On-Premise CS

Our Customer Success journey continues with this article in which I will describe some key learnings and experiences that we stumbled upon in the process of starting “Customer Success” in a large company for an on-premise technically-heavy product line.

1. Get Product Management Buy-In First:

I am assuming that you are NOT in the Product Management function. I am a Product Manager and I do think it’s the best thing that could have happened. You can read more about it here. You must get full and complete buy-in from the critical Product Management team in order to fully roll out Customer Success for a product or a line of products. Believe me, you will need to know more details about the product than you care to know. Knowing someone who is an SME (Subject Matter Expert), will help you tremendously. In fact, ask your leadership team to nominate a Product Manager or a Technical Marketing Engineer to you.

Even if you are in the product team, you might have to convince your leadership about what the business will gain, especially, if the product that is sold is hardware and dollars have already been put down by the customer. We will talk more about establishing customer ‘healthscores’ and KPIs for Customer Success in a later piece. The metrics defined will need to resonate with the Product Management team in order to get buy-in. Some ideas for you are NPS, CSAT, retention, upsell, cross-sell, and renewal dollars.

2. Sales Buy-In is Critical:

Another critical piece of the puzzle is getting a complete buy-in from the sales organization. For that, we need to create a shared vision and common goals. In addition to the shared vision, be clear in your communication regarding who is leading this effort. If there are a lot of teams involved in this customer success process e.g. sales, services, product and professional services, it is easy to create confusion. Customer Success needs to provide clarity, not confusion.

If there is one thing you need to do, get your sales evangelization deck ready. Sales teams will be your biggest advocates as well as your biggest critics (which is also great by the way – having passionate people who share the same overall goal for the business unit is priceless). Think sales. $$ Dollars speak louder than most metrics. Be conservative with your numbers, but digging deeper into your orders and customer data will give you the answers you are looking for. I know I am sounding like a broken record but tie everything you do in terms of dollar percentages and customer numbers.

3. Create Your Own CS Network in the Company:

Work hard to connect across organizations. Find the people who are as passionate as you are about customer success. In short, find the “Superstars”. Do whatever it takes to sign up people towards the good cause of customer happiness. I am saying buy them coffee or lunch, and use your passion to recruit. You would be surprised that I found folks in the unlikeliest of places. All the way in IT, Customer Support, Sales and Pre-Sales to generate subject matter and collateral for free, just because they cared. They were comfortable helping however they could, in spite of this NOT being a part of their job description and no other incentive linkage whatsoever. There will be more to come on what we did and how we did in a later piece. Finding those key individuals will make your job at least three times easier.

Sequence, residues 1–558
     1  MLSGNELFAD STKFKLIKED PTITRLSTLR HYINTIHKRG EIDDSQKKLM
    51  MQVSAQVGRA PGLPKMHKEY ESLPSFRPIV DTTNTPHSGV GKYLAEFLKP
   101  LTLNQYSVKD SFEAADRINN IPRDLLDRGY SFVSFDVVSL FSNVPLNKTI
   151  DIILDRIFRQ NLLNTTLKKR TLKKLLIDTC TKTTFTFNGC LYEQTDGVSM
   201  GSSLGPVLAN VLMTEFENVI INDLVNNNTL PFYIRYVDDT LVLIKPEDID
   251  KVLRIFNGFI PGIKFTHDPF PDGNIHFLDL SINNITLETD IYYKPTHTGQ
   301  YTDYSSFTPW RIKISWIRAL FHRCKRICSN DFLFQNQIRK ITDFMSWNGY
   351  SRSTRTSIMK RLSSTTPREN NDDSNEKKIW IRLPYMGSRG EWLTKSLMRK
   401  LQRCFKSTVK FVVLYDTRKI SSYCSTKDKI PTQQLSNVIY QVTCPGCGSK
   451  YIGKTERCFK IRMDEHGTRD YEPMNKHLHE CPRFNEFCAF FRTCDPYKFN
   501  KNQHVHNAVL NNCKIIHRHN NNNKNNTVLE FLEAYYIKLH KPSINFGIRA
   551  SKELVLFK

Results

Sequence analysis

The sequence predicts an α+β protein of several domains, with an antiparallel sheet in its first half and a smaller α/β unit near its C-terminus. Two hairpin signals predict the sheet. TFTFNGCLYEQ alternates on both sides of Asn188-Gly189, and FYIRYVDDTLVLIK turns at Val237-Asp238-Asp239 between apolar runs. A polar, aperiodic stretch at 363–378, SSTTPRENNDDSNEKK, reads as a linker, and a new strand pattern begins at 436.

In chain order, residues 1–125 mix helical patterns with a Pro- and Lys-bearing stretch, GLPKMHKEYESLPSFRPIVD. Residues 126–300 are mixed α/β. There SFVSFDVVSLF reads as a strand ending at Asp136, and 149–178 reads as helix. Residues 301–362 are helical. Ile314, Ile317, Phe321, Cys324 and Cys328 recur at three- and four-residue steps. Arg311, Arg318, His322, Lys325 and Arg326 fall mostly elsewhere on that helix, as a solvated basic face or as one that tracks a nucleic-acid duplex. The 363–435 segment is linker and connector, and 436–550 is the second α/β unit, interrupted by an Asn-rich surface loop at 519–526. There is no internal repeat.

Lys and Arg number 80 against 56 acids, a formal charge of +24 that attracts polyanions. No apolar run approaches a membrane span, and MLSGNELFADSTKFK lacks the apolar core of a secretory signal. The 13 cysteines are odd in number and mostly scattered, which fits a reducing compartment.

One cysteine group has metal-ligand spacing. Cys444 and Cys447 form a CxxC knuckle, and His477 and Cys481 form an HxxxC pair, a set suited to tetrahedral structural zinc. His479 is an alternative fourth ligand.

4. Shout Your Small Successes From the Rooftops:

It shouldn’t be news to anyone, but you will need to program manage this to the ‘T’. If you are a Product Manager or a CS leader who hates program management, I have bad news for you. Remember there will be a lot of functions involved. Having weekly/monthly conversations and establishing SLAs for each of the activities is key. I have one word for you – OVERCOMMUNICATE.

Share your small and large achievements, and bring people along with you on that journey. It could be blogging, creating news articles within the company, or even newsletters to keep people updated on your efforts. Yes, it’s a lot of work, but it is necessary. People involved will celebrate with you, and the party is so much more fun if everyone feels like he or she was a part of it.

Lastly, don’t forget to have fun with it. In the next couple of posts, we will talk about how we collaborated with the Customer Support and Consulting Engineers to provide a high impact service to our customers.

This article wouldn’t be complete if I did not mention that I am really fortunate that I have most of the items above covered. I did mention in this post how I can count on my partners in crime in IT, Sales, and Services to deliver results. Y’all know who you are. Watch out folks, they will be collaborating with me on a future post.

Pallavi Gadepalli

Customer Success Product Manager, Security Business Unit , Cisco Systems

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